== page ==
- Other considerations: Some brands might not be keen on using Google’s CDN to speed up content delivery of their assets, becoming an in-between. Look back up at the “Entertainment Weekly” page, notice how the address bar served its content from google.com, not ew.com. Also, so stylesheets larger than 50K are allowed and there exists additional HTML tagging for SEO, providing clarity on canonical pages vs AMP alternatives.
The AMP Project is still in its infancy and the future of the framework is uncertain. As Google starts rolling out AMP in its mobile results, it should already be a consideration for news outlets and brands that publish newsworthy articles. In adopting AMP, brands are very likely to get a ranking boost while improving their user experiences via pure speed. Users might even pay for those faster experiences, making pay-walls a consideration or reconsideration to monetize great content.
Websites that run blogs on WordPress can quickly add a plugin to enable AMP of posts, a quick win for brands that leverage WordPress for blogging. To validate indexing and performance in Google, brands can leverage access to Search Console to validate and check for errors. Google has published guidelines for search that are a good starting point.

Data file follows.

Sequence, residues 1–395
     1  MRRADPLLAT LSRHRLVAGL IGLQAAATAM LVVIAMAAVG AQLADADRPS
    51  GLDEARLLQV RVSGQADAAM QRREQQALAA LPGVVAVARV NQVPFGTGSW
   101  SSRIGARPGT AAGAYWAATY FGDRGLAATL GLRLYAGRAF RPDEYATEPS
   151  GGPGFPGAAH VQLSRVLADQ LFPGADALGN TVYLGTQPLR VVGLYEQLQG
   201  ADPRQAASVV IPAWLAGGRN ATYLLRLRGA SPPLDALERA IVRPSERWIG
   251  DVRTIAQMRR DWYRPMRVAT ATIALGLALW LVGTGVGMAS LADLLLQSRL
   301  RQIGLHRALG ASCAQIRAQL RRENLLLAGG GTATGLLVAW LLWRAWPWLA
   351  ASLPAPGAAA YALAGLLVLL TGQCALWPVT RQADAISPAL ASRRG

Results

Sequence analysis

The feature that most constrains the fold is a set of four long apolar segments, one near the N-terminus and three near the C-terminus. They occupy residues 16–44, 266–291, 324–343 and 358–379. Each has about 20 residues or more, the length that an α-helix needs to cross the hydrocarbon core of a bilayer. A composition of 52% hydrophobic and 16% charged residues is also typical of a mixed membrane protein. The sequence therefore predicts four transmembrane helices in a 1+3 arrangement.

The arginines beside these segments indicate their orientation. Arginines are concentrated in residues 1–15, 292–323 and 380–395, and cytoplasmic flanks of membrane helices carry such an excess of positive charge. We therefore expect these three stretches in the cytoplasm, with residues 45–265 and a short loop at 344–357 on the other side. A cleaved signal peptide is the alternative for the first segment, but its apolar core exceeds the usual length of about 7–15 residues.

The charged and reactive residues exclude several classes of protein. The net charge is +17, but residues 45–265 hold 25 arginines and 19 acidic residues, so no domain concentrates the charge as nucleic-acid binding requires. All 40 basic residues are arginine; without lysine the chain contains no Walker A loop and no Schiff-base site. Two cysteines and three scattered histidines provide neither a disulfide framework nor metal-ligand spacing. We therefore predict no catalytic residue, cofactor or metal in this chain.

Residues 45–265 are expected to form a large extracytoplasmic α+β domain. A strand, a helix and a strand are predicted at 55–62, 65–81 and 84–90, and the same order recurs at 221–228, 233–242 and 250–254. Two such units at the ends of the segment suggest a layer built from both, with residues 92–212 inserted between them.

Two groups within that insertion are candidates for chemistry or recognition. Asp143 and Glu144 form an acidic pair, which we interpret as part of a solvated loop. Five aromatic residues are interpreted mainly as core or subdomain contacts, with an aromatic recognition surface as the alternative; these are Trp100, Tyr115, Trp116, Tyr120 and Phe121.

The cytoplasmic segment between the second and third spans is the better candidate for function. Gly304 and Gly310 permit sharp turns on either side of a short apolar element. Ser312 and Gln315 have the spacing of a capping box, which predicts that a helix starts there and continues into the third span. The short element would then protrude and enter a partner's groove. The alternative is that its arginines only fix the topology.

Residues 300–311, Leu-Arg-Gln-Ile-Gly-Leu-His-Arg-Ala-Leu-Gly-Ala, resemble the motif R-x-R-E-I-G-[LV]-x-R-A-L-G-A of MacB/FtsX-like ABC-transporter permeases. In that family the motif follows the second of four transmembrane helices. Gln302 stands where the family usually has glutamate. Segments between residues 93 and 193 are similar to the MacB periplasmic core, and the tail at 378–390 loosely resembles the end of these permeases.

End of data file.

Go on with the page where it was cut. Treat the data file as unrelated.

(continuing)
In parallel, brands should begin working with SEO partners to gain a more comprehensive analysis of their websites’ speed in contrast to competitor site pages. Using tools like Google PageSpeed Insights is also great for benchmarking important metrics and factors that are impacting a user’s experience on site pages. SEO teams should help prioritize all pages, where AMP might be leveraged, in addition to other techniques (best practices) that developers can deploy to make content pages load quickly.
Cover photo via Search Engine Land.